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Liability bill should be rejected by the Colorado State Legislature

Reid Porter | | 202.682.8114

DENVER, March 10, 2016 – Colorado Petroleum Council Executive Director Tracee Bentley made the following remarks in response to the Colorado State Legislature’s House Committee decision to pass a proposal ultimately aimed at restricting energy development.

“This anti-consumer proposal is not based on science and should be rejected before it does damage to Colorado’s recovering economy. Extreme proposals like this are part of a political agenda to restrict energy development in Colorado, and could raise energy costs and destroy high-paying Colorado jobs.

"Hydraulic fracturing is an engineering technology that has helped make the U.S. the world’s largest producer of oil and natural gas and has helped us reduce carbon emissions to near 20-year lows.

“Colorado already has some of the most rigorous oil and natural gas development rules in the country. We should be working to find ways to help the industry thrive, not hinder progress. The last thing Colorado needs is unsubstantiated and costly regulations that could increase the cost of energy for consumers and undermine our competitiveness as an energy leader. This bill is a solution in search of a problem.”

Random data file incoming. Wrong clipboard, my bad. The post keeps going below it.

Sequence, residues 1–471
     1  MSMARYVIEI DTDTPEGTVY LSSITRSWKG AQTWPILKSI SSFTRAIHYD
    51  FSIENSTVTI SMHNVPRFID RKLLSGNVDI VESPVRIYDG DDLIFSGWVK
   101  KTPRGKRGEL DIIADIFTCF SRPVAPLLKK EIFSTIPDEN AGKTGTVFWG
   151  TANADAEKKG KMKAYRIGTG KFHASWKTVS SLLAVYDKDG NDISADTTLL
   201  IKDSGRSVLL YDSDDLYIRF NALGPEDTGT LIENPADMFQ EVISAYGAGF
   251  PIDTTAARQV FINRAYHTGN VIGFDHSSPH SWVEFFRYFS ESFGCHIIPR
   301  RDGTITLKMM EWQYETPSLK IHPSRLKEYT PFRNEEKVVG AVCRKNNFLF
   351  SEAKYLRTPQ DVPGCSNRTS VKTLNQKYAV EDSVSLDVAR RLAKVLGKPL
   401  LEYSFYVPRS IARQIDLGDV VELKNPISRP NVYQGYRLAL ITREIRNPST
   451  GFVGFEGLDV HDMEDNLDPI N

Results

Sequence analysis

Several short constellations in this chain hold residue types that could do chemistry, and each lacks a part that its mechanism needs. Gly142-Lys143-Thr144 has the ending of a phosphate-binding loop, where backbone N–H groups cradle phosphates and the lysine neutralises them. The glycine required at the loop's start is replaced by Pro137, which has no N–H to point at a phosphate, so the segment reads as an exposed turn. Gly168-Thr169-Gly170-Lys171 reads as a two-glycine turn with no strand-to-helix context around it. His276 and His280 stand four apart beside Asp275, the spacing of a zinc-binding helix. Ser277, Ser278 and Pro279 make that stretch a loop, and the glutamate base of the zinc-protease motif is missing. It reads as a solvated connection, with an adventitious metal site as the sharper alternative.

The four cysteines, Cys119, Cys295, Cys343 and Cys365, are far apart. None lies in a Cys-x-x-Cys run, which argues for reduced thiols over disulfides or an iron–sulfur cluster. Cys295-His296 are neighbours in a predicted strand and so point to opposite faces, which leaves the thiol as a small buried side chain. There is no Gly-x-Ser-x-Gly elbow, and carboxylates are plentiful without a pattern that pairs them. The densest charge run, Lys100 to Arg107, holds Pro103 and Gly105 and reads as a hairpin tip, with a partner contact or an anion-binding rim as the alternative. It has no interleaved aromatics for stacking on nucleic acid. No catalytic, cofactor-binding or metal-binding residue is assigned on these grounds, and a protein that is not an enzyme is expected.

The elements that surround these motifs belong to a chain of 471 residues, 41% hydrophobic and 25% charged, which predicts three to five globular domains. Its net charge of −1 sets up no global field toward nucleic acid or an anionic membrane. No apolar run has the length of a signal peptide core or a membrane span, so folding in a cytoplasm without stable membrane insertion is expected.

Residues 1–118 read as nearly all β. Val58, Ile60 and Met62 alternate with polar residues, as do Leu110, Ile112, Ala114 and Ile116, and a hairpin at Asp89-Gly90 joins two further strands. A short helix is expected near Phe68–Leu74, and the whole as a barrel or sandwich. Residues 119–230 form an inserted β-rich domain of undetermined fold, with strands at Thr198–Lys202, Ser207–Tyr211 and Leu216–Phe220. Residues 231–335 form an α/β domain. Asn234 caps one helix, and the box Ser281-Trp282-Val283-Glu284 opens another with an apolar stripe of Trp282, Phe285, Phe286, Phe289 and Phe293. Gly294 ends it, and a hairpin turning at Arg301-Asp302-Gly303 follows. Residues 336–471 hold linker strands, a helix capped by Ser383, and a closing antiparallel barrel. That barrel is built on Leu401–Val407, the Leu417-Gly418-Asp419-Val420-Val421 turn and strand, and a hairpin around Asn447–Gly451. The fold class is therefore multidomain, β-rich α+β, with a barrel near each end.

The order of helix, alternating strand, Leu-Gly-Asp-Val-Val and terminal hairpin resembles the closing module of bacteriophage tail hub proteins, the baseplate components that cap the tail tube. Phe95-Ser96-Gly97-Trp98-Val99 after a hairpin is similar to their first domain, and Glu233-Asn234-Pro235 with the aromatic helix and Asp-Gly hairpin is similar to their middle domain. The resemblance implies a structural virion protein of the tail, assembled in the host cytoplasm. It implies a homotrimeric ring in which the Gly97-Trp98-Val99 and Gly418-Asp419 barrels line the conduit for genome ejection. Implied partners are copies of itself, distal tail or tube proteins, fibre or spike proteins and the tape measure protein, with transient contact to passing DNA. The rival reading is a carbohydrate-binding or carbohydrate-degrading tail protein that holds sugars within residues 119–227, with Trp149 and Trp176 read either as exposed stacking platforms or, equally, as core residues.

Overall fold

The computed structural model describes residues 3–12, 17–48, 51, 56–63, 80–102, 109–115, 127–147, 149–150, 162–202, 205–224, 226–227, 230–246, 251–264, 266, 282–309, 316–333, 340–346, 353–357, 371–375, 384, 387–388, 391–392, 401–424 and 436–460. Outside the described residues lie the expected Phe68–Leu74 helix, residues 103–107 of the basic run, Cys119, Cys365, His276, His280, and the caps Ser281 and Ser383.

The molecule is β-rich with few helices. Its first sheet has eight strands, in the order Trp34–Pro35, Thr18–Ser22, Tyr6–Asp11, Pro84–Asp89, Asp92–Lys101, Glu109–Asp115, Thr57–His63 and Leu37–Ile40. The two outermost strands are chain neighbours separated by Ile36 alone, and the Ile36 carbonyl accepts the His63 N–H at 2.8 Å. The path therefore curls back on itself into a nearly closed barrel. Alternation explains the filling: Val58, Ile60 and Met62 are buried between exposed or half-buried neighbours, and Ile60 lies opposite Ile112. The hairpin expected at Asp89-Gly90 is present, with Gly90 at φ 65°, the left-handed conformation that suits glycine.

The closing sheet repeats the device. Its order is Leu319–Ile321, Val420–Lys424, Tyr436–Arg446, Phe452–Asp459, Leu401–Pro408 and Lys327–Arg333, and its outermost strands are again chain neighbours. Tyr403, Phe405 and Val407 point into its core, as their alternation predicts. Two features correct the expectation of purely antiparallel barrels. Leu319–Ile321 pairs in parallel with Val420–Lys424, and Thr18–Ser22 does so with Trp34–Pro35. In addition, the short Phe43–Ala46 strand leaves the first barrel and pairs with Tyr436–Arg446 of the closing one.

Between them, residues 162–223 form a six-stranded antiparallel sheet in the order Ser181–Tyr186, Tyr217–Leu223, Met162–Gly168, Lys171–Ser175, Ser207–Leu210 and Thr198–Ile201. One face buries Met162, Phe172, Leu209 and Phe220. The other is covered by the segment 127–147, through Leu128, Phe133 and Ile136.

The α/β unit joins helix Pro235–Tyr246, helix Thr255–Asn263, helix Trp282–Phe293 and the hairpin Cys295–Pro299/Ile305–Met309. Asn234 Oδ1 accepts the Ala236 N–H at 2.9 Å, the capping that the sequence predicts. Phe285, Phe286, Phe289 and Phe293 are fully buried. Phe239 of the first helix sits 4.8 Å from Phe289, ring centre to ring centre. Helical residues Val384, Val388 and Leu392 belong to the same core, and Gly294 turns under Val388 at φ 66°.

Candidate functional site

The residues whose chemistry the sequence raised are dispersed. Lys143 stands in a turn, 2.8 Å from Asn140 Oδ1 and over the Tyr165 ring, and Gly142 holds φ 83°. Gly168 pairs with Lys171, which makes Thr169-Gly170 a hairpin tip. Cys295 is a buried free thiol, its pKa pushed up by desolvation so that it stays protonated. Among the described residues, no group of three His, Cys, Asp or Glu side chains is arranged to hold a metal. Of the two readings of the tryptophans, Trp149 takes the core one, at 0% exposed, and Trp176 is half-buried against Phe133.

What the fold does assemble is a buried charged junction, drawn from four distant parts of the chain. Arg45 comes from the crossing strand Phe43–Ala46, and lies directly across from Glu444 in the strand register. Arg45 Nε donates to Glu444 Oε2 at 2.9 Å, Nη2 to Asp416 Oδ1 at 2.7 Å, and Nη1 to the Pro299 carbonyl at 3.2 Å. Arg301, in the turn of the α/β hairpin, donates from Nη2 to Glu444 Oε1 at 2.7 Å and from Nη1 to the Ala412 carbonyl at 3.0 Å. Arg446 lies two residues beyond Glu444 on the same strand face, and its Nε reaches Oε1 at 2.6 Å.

Through partnerships with research institutions like Southern Methodist University, Stanford University, and the University of Oklahoma, the oil and natural gas industry has proactively shared data with scientists and state geologists to advance the understanding of induced seismicity. The industry is also actively engaged with the States First Initiative, a multistate partnership involving the Interstate Oil and Gas Compact Commission and the Groundwater Protection Council to better understand these issues (released in September 2015). This collaboration is helping researchers arrive at science-based conclusions to inform commonsense solutions.

The Colorado Petroleum Council is a division of API, which represents all segments of America’s oil and natural gas industry. Its more than 650 members produce, process, and distribute most of the nation’s energy. The industry also supports 9.8 million U.S. jobs and 8 percent of the U.S. economy.